Perhaps when contemplating liminal space one cannot help being flooded with images and associations! After all, this is the in-between space, the space pregnant with possibility.
An image of Natarāja – the Cosmic Dancer – comes to mind.
In His upper right hand he holds the damaru, a small hand drum that symbolizes the pouring forth of creation. In his upper left hand he holds agni, the sacred fire representing dissolution. Creation and destruction. And where do these meet?
relating to a transitional or initial stage of a process.
occupying a position at, or on both sides of, a boundary or threshold
When I am bringing my students out of śavāsana, I usually ask them to curl onto their side in a foetal position, head resting on the lower arm. This brings the spine into its primary curve, just as we were when coiled into the womb space, quite literally surrounded by our mother.
I invite my students to rest in this shape for a few breaths, taking the time to just be in this in-between, liminal space, before we close our practice together and everyone moves off into their individual lives.
Lately I’ve been thinking about the nature of this space.
There is a word in Sanskrit – sandhya – that designates the space where two things meet. The place of transition, of potential… It is the suspension felt at the top of the inhalation, the void at the bottom of the exhalation. It is where dawn meets day, where dusk meets night.
It is the womb of the world from which all things are born.
In my previous blog reflection I spoke of my Bharatanatyam teacher in a video clip he shared with me. A small figure in an immensity of sky, river, and earth – he is seen walking away from the camera witness, becoming smaller. Then he stops.
For a moment frozen in time he raises his arms into the starting position for dance. He enters the liminal space. The space opening out from everything preceding this moment. The birthplace of everything that proceeds from this moment.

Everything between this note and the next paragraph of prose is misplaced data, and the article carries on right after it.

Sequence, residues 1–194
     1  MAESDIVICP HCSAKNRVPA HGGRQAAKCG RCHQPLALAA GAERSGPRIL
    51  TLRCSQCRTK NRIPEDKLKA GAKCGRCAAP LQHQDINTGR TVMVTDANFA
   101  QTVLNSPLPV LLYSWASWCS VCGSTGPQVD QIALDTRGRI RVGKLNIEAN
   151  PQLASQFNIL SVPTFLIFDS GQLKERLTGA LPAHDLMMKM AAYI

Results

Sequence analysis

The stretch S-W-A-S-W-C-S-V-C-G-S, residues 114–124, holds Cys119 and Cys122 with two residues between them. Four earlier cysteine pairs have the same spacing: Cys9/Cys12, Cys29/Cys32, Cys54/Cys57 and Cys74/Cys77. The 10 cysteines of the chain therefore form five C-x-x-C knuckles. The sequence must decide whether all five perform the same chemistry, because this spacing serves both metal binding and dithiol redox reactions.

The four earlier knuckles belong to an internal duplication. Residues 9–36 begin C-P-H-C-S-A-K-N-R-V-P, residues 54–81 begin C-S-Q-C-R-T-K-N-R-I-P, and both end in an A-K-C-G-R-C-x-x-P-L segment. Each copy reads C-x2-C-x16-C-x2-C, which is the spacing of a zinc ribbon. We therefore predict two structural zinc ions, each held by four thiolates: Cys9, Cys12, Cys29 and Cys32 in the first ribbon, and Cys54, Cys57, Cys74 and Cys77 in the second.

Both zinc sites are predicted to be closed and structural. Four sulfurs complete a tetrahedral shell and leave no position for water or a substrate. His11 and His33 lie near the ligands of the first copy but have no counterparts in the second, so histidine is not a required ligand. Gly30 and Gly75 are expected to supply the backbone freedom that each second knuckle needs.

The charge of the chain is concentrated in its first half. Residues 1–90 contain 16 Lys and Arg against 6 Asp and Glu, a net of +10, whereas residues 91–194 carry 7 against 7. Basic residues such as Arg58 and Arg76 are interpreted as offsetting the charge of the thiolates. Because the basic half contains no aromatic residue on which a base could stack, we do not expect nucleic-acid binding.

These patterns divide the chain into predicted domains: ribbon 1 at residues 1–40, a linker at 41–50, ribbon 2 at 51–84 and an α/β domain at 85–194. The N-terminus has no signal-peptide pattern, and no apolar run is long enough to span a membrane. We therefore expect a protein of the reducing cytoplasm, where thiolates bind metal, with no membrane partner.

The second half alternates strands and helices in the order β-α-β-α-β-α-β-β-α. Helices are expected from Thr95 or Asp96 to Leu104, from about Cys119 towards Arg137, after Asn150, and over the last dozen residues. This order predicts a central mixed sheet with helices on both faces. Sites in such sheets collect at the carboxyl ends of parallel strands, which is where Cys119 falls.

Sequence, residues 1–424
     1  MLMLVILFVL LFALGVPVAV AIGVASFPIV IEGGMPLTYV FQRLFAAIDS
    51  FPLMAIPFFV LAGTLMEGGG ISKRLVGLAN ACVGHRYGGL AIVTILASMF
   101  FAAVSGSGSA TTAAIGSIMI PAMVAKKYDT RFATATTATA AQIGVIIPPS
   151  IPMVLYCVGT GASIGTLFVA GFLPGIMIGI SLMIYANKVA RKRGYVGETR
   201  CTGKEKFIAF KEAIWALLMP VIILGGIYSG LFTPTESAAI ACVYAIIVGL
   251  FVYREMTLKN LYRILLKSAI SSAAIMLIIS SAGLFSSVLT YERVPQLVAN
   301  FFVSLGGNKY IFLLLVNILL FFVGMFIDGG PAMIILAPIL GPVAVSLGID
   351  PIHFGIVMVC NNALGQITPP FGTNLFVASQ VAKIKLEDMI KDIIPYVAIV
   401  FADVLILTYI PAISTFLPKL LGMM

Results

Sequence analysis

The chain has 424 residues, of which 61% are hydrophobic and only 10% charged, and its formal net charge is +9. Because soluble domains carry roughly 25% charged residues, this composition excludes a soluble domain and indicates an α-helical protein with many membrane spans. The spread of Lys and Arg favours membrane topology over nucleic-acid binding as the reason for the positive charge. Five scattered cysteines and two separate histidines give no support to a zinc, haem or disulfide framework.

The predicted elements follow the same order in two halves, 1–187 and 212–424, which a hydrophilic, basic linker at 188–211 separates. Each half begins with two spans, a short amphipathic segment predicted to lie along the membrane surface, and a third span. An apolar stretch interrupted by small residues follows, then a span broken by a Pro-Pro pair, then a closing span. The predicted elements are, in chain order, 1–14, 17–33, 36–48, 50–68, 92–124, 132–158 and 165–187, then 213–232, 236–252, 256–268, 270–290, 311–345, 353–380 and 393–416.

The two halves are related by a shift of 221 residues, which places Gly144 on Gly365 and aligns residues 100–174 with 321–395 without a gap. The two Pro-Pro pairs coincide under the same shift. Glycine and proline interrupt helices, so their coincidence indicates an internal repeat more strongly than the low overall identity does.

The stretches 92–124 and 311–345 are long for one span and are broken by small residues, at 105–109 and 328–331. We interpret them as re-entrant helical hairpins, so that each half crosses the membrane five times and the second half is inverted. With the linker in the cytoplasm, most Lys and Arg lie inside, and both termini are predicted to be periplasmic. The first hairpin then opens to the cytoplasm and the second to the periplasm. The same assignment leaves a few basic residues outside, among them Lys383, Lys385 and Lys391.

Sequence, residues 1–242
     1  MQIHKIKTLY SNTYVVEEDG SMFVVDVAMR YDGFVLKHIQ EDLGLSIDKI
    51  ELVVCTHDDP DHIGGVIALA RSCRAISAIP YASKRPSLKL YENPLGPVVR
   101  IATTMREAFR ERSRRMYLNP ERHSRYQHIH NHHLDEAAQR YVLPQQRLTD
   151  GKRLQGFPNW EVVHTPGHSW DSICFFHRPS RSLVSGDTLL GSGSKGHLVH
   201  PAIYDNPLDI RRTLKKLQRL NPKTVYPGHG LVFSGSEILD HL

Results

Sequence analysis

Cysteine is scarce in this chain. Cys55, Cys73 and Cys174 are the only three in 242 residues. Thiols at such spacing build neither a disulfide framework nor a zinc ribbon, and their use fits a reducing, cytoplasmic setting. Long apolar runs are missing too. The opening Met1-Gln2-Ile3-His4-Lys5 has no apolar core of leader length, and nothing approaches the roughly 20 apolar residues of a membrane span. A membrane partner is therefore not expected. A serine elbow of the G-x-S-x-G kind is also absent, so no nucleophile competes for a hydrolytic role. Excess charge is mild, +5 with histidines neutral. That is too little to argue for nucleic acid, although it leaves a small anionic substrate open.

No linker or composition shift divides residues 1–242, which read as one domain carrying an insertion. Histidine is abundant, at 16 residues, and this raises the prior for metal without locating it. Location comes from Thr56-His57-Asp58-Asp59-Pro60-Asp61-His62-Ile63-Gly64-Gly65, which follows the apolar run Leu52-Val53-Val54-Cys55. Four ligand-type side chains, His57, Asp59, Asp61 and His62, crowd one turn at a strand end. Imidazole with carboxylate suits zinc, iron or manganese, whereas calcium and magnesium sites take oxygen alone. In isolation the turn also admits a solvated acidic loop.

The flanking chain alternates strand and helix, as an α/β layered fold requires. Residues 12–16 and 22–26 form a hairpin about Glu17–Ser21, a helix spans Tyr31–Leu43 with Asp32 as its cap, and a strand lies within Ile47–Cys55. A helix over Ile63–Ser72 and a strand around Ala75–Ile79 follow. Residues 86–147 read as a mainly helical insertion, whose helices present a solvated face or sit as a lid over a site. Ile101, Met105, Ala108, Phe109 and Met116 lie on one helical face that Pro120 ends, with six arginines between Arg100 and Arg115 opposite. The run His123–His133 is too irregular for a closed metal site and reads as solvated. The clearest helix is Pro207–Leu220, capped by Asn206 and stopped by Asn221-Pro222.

A recent post on my dance guruji’s Instagram page shows a long shot of him, seemingly caught between earth and sky. The sky is full of billowing grey monsoon clouds, the earth is grey, with no vegetation visible – a slice of river stitches the two together. Earth, water, space. Elemental. And this small human getting smaller as he walks away from the camera witness.
At a certain point he stops.
Then, for a moment frozen in time, he raises his arms in the starting position of Bharatanatyam.
And then, he starts to dance.
The vulnerable transparency of this touched me deeply. No makeup, no costume, no lighting effects, no camera crew… just a human who, caught between heaven and earth, makes a decision…
I just read Rabindranath Tagore’s poem I Won’t Let You Go(Jete Nahi Dibo, translated from the Bangla by Fakrul Alam).
It is our perennial anthem. Our longing to grasp, to hold fast to – all that is dear, all that is ours. And this in the face of a world of leavings, of things torn away, of hearts torn apart. In the face of the unraveling of every minutely, carefully worked weaving. A conclusion denied but inevitable.